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More of Emma's books…
Morrissey
“I ask myself if there is an irresponsible aspect in relaying thoughts of pain as inspiration, and I wonder whether Housman actually infected the sensitives further, and pulled them back into additional darkness. Surely it is true that everything in the imagination seems worse than it actually is - especially when one is alone and horizontal (in bed, as in the coffin.) Housman was always alone - thinking himself to death, with no matronly wife to signal to the watching world that Alfred Edward was now quite alright - for isn’t this at least partly the aim of scoring a partner: to trumpet the mental all-clear to a world where how things seem is far more important than how things are? Now snugly in eternity, Housman still occupies my mind. His best moments were in Art, and not in the cut and thrust of human relationships. Yet he said more about human relationships than those who managed to feast on them. You see, you can’t have it both ways.”
Morrissey

Herman Koch
“No, on the outside view there was nothing for anyone to notice about me. I remained one pillar of a trinity, another pillar was lying only temporarily (temporarily! temporarily! temporarily!) in the hospital, I was the pilot of a three-engine aircraft, one of whose engines had stalled: there is no reason to panic, this is not a crash landing, the pilot has thousands of flight hours behind him, he will land the plane safely on the ground.”
Herman Koch, The Dinner

Herman Koch
“I amazed myself, above all, with how well I was able to manage. Michel got to school on time, his teeth brushed and his clothes clean. More or less clean: I was less critical of a few spots on his trousers than Claire would have been, but then I was his father. I’ve never tried to be ‘both father and mother’ to him, the way some half-assed, home-made-sweater-wearing head of a single-parent household put it once in some bullshit programme I saw on afternoon TV.”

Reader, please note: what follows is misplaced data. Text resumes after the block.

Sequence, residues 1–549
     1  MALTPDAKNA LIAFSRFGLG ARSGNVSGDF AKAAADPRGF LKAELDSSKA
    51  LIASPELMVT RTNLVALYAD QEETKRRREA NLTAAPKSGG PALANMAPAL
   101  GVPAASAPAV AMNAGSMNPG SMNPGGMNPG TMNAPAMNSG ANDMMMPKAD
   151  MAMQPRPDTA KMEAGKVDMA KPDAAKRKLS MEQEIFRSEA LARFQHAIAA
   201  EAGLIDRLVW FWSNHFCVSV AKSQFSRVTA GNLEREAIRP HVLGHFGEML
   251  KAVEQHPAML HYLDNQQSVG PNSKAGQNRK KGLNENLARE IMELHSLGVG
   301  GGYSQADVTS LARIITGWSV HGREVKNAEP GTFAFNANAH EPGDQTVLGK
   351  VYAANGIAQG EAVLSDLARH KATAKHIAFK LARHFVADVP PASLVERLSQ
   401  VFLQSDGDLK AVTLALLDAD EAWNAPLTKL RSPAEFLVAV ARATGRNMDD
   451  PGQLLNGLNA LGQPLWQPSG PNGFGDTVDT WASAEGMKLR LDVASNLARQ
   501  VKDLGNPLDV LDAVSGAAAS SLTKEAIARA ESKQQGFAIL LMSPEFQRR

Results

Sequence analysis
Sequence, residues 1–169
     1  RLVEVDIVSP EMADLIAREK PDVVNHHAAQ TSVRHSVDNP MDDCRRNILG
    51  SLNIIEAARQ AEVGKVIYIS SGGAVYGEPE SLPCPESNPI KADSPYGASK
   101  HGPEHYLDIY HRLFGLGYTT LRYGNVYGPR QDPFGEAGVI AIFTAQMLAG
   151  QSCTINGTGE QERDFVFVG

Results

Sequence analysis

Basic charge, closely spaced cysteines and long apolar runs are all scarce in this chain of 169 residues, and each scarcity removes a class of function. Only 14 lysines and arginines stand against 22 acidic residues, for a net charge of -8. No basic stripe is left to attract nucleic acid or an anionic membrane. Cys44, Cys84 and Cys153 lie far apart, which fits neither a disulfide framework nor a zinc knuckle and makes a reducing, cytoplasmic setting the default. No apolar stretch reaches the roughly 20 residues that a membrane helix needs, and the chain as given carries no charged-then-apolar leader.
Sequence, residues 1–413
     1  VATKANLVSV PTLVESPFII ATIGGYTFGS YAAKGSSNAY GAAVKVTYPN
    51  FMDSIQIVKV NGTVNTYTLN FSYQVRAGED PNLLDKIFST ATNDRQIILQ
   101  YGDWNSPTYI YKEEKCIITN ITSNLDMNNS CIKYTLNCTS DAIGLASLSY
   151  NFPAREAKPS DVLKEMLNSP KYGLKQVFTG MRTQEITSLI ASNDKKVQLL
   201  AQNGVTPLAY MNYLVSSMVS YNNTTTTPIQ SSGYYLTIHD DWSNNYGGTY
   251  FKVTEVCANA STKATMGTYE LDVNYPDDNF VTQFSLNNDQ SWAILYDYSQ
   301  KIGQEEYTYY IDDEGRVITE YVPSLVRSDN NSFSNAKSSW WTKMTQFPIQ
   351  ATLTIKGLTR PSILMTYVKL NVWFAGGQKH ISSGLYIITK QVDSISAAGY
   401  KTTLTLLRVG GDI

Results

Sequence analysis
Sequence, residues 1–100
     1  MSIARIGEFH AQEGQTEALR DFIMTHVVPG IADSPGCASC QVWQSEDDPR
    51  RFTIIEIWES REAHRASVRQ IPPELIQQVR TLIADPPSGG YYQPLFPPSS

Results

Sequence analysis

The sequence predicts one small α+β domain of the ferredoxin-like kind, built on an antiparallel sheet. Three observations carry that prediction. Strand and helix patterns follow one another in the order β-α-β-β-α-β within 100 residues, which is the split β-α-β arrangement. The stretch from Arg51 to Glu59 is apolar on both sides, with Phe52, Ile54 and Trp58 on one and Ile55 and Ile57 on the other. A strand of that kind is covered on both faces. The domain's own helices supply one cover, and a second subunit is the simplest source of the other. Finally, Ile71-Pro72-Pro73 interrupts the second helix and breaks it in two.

Herman Koch, The Dinner

Herman Koch
“… when Michel came home from school, for example, and everything was as it should be. My own voice, above all, asking him what he wanted in his sandwich, also sounded as it should have. The larder was full, I had done all of the shopping that morning. I took care of myself as well, I looked in the mirror before leaving the house: I made sure my clothes were clean, that I had shaved, that my hair didn’t look like the hair of someone who never looks in a mirror - the people in the supermarket would have noticed nothing unusual, I was no divorced father reeking of alcohol, no father who couldn’t handle things. I clearly remembered the goal I had set for myself: I wanted to keep up the appearance of normality. As far as possible, everything had to remain the same for Michel as long as his mother wasn’t around. A hot meal every day, for a start. But also in other aspects of our temporary single-parent family, there shouldn’t be too many visible changes. Normally, it wasn’t my habit to shave every day; I didn’t mind walking around with stubble. Claire had never made a big deal out of that either, but during those weeks I shaved every morning. I felt that my son had a right to sit at the table with a clean-smelling, freshly shaven father. A freshly shaven and clean-smelling father would not prompt him to think the wrong things, would in any case not cause him to doubt the temporary character of our single-parent family.”
Herman Koch, The Dinner